Tax breaks for companies hiring veterans isn't about charity, but about incentivizing business to consider employees who possess world-class training in addition to intangible traits like leadership and self-reliance.
While it may appear controversial to offer a tax break just to do the right thing, such incentives are not so uncommon. In fact, anyone who has ever answered yes to questions like, "Do you serve in the military? Do you or does anyone in your family attend college? Do you drive an electric car?" when filing income taxes has benefited from these types of initiatives.
What's more, a corporate tax incentive is a distinctly American solution. Truly, it echoes of the government-business partnerships that allowed America to throw all its industrial might into defeating fascism during World War II and to employ cutting-edge technologies to safeguard troops and prevent terrorism in today's conflicts.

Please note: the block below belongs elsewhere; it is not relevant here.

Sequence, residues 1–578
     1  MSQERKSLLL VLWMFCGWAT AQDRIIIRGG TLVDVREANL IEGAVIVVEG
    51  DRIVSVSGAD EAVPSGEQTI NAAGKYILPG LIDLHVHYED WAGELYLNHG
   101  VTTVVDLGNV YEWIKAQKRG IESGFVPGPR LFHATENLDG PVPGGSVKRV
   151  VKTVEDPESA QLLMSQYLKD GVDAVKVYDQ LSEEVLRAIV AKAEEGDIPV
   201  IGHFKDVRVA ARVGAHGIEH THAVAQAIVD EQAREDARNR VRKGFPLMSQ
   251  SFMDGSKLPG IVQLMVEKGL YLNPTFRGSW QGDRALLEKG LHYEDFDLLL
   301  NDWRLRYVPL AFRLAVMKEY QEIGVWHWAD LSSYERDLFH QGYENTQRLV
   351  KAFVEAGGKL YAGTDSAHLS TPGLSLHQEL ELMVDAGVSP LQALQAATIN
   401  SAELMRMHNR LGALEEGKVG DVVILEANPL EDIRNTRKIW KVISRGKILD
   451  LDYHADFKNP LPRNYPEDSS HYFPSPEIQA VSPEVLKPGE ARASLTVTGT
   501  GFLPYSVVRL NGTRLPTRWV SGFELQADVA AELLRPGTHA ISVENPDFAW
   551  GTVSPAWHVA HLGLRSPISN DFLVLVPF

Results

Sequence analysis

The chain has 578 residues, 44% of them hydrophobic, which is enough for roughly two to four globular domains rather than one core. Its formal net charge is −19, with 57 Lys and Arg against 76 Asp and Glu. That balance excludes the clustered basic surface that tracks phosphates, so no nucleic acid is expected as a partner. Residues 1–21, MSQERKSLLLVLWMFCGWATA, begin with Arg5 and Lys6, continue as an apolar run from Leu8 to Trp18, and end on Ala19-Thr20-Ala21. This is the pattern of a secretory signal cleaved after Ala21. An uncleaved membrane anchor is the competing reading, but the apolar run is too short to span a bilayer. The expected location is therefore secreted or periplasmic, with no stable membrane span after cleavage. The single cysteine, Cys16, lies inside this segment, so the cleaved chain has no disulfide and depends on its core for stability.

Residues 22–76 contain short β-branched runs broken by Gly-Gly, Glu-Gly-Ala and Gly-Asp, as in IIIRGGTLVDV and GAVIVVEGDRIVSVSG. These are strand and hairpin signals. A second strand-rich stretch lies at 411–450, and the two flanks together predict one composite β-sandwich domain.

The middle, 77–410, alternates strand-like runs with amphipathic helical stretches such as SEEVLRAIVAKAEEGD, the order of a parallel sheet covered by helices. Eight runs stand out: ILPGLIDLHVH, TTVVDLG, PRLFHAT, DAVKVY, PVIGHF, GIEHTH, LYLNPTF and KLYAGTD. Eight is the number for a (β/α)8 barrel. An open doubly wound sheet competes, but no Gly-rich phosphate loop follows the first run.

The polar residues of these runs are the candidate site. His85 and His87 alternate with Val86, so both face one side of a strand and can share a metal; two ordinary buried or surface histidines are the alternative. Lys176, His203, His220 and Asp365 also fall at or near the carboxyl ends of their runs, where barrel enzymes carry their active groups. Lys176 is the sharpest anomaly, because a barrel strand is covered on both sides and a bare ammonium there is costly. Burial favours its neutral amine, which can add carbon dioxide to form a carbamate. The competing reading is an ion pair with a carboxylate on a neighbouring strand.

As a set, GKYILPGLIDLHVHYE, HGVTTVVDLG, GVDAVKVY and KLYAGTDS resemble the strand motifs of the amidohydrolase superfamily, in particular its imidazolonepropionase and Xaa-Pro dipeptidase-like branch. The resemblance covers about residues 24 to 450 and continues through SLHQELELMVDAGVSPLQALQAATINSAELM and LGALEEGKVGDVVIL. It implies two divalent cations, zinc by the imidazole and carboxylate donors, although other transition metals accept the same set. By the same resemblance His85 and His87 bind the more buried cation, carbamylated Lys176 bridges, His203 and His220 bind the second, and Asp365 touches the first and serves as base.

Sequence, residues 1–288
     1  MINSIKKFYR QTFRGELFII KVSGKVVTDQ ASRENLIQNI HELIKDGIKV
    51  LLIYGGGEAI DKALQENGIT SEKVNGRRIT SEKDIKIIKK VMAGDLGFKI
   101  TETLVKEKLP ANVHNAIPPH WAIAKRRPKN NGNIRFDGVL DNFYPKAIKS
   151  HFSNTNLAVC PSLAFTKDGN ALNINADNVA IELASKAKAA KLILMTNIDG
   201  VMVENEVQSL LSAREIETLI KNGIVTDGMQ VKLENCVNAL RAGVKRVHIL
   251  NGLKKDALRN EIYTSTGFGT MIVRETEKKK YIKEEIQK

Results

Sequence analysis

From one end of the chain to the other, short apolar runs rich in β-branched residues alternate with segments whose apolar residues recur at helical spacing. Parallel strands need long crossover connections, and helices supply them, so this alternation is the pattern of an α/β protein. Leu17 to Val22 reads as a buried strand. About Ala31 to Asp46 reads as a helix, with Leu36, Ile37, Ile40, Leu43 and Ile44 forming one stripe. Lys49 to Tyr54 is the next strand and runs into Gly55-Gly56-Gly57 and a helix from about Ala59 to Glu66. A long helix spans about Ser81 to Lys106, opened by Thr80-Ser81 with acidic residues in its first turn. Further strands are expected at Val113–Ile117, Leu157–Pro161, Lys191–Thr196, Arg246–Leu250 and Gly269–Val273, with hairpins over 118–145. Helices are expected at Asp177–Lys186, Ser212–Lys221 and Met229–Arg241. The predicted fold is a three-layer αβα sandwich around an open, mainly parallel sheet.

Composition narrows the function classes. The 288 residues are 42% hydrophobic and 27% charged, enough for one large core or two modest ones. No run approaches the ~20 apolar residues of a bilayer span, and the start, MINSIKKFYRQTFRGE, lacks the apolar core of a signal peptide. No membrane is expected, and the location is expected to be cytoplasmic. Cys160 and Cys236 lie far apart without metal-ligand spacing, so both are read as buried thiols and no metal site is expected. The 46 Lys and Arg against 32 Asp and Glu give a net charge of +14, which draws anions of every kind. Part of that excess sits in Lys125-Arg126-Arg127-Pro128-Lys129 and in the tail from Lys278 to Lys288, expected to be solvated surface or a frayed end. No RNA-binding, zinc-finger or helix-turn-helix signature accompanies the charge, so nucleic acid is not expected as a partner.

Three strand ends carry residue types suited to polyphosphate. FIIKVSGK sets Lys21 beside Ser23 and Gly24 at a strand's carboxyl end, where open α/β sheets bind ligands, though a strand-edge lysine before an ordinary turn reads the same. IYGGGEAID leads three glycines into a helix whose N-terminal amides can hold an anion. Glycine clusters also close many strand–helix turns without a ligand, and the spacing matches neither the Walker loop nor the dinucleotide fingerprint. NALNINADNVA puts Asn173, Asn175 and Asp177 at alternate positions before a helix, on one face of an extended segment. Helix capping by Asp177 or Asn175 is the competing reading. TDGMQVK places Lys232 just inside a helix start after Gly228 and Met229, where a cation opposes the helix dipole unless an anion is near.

Tax incentives for hiring veterans a win-win-win scenario. Businesses receive a top-quality employee who directly improve their bottom line allowing more investment into growth; veterans receive the employment advantage they deserve for their honorable military service and skills they hold; and all Americans are able to contribute toward a real solution to the heartbreaking reality of veteran unemployment.
U.S. Army aviation officials have launched an effort to restore full air assault capability to the 101st Airborne Division — a capability the Screaming Eagles have been without since 2015.
The U.S. military's withdrawal from northeast Syria is looking more like Dunkirk every day.